7 Tips to Save Money on Moving

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7 Tips to Save Money on Moving

Teresa Bergen · Jan 27, 2022
Young woman reads through helpful moving tips on her phone to take the stress out of her move.

Nowadays, renters can expect to spend anywhere between $1,000 and $3,000 on a move. Yikes! How are you supposed to afford all that cash plus first and last at your new place?

We can’t make moving free, but these tips should help you cut your expenses:

Move on a Weekday in the Winter

Sometimes you have to move in a hurry, which is usually pretty expensive. But if you know ahead of time about your move, there are some easy-ish ways to save money when switching households. First, you should know that moving has a high season (May through September), and high season means higher rates. If you’re hiring movers or renting a U-Haul, you could save money by opting to move in the bleaker months of October through April. Sure, nobody wants to carry boxes in and out of the house in the snow or rain. But pull on your coat and boots, and you should be able to get a better rate.

Movers and truck rental companies are busier on weekends than on weekdays, especially at the end of the month. So check the weekday rates and move on a mid-month Tuesday or Wednesday if you can.

Don’t Move Stuff You Don’t Need – Sell It

Used futon left out on the curb with a "free" sign taped to it.

If you’ve ever moved at the last minute, you might have had the experience of throwing everything into boxes as fast as humanly possible and planning to sort it all out later. Unfortunately, this means you’re spending time, energy, and money moving unnecessary stuff. Instead, go through your things and divide them into piles: keep, sell, donate, trash, recycle. The “sell” pile can really help you offset your moving costs if your stuff is desirable enough (and you have the time to sell it). Think of online options like craigslist, Nextdoor, or Facebook Marketplace, or in-person choices like consignment shops or even your own garage sale.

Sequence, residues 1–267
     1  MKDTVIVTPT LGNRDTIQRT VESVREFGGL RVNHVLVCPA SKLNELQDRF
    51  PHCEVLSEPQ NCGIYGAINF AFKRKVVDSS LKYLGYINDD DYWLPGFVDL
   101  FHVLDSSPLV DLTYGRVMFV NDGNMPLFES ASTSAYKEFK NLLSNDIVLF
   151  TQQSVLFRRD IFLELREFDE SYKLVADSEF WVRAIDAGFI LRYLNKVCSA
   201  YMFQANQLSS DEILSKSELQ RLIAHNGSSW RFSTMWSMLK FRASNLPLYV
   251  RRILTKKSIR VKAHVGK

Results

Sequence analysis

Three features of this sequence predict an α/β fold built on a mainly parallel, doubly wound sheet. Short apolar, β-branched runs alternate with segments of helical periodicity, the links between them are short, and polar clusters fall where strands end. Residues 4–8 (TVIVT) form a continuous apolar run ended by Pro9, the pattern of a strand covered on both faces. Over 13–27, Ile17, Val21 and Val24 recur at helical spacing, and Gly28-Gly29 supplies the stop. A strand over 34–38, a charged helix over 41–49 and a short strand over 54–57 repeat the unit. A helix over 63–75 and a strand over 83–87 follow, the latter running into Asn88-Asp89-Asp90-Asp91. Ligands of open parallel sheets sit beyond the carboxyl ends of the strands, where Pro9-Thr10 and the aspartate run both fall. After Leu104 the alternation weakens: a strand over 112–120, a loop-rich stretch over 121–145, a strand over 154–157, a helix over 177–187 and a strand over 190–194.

For maximum convenience, find a charity that will send a truck to your apartment to pick up any donations. And if you itemize your taxes, get a receipt. Jot down a summary of all the stuff you donated, and reap the benefits come tax time.

If you’re hiring movers for a cross-country move, think again about your heaviest items. For example, are you going to pay more for getting your weight equipment moved 2,000 miles than it would cost to buy a new weight set in your new city? And is it really worth paying a hundred dollars to move that ratty couch you bought at Goodwill?

Measure Access Points at Your New Place

Speaking of that heavy couch, did you measure the doorways and stairways at your new place? Write down the dimensions before you’ve paid someone, or used your own time and energy, to transport an armoire or a king-sized bed that won’t fit in your new home.

Eat All Your Food

Foods you might find in a kitchen pantry laid out across a flat surface.